Ventura Partners Hits the $1 Million Revenue Threshold

This article is written by Kim Frentz Edmonds, CEO of Ventura Partners

I have an addiction to reading business books. Girl’s Guide to Building a Million Dollar Business by Susan Wilson Solovic was always high on my list. However, the idea of MY own business hitting a million dollars in revenue seemed as fantastical as aspiring to become the next Oprah. Through my work with Darlene Crane and the PROPEL Small Business Growth Program*, I was able to modify this perspective. My new mantra – hit a million dollars in revenue and employ 10 or more people to move the business to the next level.

Ventura Partners is an organization with a mission. Our work creates opportunities for equitable ownership of community assets in real estate. It hasn’t been easy to center the financial growth of my own company within this framework. Darlene helped me internalize the view that growing businesses owned by women and people of color is vital in shifting the power dynamic in our society. This opened my mind to include my own business growth as a meaningful act.

In 2021, we reached the $1 million revenue and staffing threshold (10 employees). My company changed from being an extension of me to being an entity of its own. Our business structure allows others to grow and assume critical roles. We have established a Leadership Team to take on planning and strategic decisions. We have measurable financial goals and a specific plan for meeting them. We have metrics to make sure our pricing supports the value of our work and have streamlined our billing system to capture revenue and manage cashflow. We are outsourcing parts of our overhead that don’t yet warrant in-house staff.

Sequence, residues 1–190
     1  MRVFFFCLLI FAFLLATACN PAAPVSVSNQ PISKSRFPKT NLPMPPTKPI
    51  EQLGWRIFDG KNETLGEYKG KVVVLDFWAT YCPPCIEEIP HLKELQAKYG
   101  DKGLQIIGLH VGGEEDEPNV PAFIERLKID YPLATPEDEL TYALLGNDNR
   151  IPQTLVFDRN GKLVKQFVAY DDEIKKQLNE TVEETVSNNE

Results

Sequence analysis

I am still adapting to decision making through this new lens. I am allowing myself to delegate relentlessly. And, while I am still a bit uncomfortable that there are projects at Ventura Partners that I know very little about (because someone else is in charge of them), I remind myself constantly that this is not only fine, but important to the growth of the company.

One of my proudest moves recently was hiring someone who was an independent consultant and “competition” in our field. Not quite rising to the level of “mergers and acquisitions” (except in my own mind). It was instrumental in my ability to hand off high level projects that previously could only be accomplished by me, and it has expanded our network of clients.

I attribute our increased velocity of growth over the past four years to my shift in focus and mindset and implementing important organizational structures. I am enjoying the prospect of winnowing my role in the company to activities that hyper leverage my strengths and feed my interests … and I’ve adjusted my reading list, too.